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Document Max. Freq Min. Freq
Frederick H. Dyer, Compendium of the War of the Rebellion: Regimental Histories 1,192 1,192 Browse Search
Harper's Encyclopedia of United States History (ed. Benson Lossing) 16 16 Browse Search
Thomas Wentworth Higginson, Massachusetts in the Army and Navy during the war of 1861-1865, vol. 2 13 13 Browse Search
Col. O. M. Roberts, Confederate Military History, a library of Confederate States Military History: Volume 12.1, Alabama (ed. Clement Anselm Evans) 12 12 Browse Search
Rebellion Record: a Diary of American Events, Diary from December 17, 1860 - April 30, 1864 (ed. Frank Moore) 11 11 Browse Search
Robert Underwood Johnson, Clarence Clough Buell, Battles and Leaders of the Civil War. Volume 4. 10 10 Browse Search
Benson J. Lossing, Pictorial Field Book of the Civil War. Volume 3. 9 9 Browse Search
The Daily Dispatch: April 11, 1863., [Electronic resource] 9 9 Browse Search
Horace Greeley, The American Conflict: A History of the Great Rebellion in the United States of America, 1860-65: its Causes, Incidents, and Results: Intended to exhibit especially its moral and political phases with the drift and progress of American opinion respecting human slavery from 1776 to the close of the War for the Union. Volume II. 8 8 Browse Search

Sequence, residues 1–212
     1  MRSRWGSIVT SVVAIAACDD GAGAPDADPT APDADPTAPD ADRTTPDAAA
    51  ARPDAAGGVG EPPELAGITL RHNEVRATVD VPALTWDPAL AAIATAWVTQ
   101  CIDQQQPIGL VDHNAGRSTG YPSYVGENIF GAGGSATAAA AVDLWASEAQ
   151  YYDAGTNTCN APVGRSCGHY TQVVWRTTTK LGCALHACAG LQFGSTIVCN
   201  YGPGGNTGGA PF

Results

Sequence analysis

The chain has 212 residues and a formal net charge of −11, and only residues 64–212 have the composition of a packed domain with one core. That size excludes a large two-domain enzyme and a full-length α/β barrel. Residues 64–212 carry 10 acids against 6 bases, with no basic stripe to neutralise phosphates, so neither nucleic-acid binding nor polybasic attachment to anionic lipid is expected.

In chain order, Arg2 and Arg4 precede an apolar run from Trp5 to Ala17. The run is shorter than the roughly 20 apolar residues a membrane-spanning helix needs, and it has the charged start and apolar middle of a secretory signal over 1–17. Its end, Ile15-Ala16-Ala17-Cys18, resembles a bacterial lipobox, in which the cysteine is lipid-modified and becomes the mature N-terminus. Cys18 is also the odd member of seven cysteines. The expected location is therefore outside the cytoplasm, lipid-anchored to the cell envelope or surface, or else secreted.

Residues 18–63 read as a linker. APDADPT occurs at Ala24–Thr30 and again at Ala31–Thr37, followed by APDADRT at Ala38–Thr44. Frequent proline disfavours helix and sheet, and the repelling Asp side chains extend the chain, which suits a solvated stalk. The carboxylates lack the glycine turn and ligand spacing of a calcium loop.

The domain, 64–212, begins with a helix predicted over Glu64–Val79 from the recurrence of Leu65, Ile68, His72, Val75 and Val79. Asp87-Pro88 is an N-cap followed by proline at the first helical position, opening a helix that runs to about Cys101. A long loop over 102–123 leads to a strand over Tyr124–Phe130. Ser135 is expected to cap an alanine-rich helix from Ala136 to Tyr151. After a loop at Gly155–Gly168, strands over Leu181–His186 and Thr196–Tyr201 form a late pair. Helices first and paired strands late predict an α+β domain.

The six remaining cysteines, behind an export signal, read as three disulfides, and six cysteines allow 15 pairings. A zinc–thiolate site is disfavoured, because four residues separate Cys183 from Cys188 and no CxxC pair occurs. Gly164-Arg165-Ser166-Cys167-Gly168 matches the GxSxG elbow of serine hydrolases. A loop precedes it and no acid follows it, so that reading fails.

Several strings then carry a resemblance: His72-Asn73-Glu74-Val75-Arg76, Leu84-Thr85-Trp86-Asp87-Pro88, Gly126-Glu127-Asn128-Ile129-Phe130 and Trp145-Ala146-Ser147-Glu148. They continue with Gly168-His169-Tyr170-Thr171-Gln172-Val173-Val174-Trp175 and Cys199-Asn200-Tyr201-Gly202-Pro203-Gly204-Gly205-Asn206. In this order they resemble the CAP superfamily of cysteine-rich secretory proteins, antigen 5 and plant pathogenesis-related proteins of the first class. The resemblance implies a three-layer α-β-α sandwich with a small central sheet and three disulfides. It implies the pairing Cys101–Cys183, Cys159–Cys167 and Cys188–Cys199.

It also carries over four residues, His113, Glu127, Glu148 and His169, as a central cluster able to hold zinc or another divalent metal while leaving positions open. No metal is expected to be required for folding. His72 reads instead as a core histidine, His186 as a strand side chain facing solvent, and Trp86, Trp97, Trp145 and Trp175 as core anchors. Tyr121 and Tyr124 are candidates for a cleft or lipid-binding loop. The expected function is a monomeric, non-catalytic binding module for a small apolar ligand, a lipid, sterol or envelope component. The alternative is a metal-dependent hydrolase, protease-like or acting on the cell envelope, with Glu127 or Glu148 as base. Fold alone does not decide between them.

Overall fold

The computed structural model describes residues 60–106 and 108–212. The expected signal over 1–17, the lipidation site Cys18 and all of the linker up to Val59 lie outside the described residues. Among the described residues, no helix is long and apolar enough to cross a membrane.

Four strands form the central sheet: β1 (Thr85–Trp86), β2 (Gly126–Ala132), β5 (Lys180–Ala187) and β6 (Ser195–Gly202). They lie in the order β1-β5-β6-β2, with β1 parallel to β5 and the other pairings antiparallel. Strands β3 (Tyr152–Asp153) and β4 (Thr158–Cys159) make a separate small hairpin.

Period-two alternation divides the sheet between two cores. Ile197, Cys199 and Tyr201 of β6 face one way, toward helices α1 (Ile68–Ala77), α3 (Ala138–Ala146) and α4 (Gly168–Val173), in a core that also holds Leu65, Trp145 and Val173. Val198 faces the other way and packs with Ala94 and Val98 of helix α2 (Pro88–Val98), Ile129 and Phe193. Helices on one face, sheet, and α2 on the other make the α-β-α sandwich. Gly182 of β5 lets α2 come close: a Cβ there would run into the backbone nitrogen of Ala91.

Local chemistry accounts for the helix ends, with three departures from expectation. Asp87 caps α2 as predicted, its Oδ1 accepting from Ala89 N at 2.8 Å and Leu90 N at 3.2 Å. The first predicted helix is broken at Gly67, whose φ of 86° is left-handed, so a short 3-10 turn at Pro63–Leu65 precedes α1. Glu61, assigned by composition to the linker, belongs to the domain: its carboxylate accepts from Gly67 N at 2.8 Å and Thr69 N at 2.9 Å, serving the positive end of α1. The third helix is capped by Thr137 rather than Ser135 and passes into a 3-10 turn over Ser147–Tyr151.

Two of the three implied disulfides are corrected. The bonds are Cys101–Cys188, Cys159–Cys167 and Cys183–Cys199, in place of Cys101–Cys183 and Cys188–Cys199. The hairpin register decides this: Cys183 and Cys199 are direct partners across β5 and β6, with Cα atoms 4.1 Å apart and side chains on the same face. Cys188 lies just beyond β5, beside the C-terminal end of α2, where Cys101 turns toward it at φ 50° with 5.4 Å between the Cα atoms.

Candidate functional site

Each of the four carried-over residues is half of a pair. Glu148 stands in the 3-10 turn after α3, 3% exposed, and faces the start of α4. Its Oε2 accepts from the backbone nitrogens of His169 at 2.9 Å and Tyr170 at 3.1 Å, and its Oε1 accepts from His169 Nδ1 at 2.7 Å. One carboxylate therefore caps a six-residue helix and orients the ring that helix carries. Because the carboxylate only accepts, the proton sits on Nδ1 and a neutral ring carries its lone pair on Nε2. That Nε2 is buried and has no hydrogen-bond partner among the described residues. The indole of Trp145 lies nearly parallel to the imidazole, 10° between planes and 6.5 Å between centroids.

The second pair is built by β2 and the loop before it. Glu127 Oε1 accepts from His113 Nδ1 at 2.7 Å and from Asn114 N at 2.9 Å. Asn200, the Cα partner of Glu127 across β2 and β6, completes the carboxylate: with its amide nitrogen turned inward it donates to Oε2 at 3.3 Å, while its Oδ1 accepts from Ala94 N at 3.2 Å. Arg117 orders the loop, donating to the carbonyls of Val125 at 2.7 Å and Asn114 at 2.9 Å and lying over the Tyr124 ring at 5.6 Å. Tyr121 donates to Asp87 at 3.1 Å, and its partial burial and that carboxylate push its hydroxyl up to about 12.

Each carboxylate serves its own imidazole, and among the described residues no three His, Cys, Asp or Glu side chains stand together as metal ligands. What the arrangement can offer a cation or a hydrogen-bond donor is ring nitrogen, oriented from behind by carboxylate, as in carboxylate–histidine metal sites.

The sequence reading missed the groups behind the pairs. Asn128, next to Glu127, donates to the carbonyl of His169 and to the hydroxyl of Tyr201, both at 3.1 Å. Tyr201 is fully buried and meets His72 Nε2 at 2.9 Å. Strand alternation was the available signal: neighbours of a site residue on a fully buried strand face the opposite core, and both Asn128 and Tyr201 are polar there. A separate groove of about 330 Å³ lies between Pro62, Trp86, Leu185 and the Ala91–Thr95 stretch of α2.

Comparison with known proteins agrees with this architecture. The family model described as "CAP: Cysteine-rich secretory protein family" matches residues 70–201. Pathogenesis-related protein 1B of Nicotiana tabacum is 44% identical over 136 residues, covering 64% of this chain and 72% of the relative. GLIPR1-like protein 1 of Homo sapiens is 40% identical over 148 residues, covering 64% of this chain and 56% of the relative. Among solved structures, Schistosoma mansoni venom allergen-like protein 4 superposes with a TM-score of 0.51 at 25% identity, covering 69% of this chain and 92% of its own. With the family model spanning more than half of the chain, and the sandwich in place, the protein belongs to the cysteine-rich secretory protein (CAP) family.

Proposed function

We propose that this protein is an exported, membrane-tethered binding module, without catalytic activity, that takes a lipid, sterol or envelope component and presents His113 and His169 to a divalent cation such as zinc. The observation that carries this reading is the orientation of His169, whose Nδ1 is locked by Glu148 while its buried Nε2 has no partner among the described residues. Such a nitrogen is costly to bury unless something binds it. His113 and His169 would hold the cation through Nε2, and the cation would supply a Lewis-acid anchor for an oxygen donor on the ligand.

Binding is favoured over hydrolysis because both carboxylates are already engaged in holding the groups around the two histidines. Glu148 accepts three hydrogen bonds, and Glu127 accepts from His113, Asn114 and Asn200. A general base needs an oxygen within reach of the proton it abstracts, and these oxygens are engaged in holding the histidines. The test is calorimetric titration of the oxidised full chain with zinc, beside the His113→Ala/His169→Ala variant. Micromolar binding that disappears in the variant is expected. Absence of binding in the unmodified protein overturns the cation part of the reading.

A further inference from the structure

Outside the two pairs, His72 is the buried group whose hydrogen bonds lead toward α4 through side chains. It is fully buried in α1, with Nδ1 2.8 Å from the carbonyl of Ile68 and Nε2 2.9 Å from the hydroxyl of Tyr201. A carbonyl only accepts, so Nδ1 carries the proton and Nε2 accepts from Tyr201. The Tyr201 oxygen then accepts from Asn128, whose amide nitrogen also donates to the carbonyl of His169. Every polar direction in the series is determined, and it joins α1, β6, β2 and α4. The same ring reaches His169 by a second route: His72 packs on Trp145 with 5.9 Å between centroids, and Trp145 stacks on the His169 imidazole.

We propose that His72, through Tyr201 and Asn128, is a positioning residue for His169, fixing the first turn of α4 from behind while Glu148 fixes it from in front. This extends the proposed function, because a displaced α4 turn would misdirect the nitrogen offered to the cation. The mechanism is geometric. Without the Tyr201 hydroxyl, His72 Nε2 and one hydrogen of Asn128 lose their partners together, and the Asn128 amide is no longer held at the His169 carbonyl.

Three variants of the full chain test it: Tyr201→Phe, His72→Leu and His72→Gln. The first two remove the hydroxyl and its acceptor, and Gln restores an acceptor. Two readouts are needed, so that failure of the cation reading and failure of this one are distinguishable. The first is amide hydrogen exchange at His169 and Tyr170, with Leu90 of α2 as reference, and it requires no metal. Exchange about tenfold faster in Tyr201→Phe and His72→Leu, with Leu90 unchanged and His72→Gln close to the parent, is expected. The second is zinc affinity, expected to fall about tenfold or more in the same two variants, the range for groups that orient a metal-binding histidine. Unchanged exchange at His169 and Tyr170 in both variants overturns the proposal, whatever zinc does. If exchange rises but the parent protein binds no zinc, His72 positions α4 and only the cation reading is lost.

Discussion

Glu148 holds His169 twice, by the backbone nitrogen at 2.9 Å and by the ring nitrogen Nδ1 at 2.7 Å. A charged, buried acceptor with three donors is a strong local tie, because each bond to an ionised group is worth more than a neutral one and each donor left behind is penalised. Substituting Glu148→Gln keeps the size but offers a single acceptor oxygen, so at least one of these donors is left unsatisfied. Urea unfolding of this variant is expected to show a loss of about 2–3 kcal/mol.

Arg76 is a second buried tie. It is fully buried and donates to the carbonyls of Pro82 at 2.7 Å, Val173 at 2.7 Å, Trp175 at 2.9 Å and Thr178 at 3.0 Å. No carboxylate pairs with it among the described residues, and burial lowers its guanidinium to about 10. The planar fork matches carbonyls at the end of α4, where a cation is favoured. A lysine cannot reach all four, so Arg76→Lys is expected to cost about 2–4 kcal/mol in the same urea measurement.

Waitt, Ernest Linden, History of the Nineteenth regiment, Massachusetts volunteer infantry , 1861-1865 8 8 Browse Search
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Browsing named entities in Matthew Arnold, Civilization in the United States: First and Last Impressions of America.. You can also browse the collection for April 9th or search for April 9th in all documents.

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rant proceeded to possess himself of the railroad by which Lee's army and Richmond itself now drew their supplies. Lee had already informed his government that he could hold out no longer. The Confederate President was at church when the despatch arrived, the congregation were told that there would be no evening service, and the authorities abandoned Richmond that afternoon. In the field there was some sharp fighting for a day or two still; but Lee's army was crumbling away, and on the 9th of April he wrote to Grant, requesting an interview with him for the purpose of surrendering his army. Grant was suffering from sick headache when the officer bearing Lee's note reached him, but the instant I saw, he says, the contents of the note, I was cured. Then followed, in the afternoon of that same day, the famous interview at Appomattox Court House. Grant shall himself describe the meeting: When I had left camp that morning I had not expected so soon the result that was then tak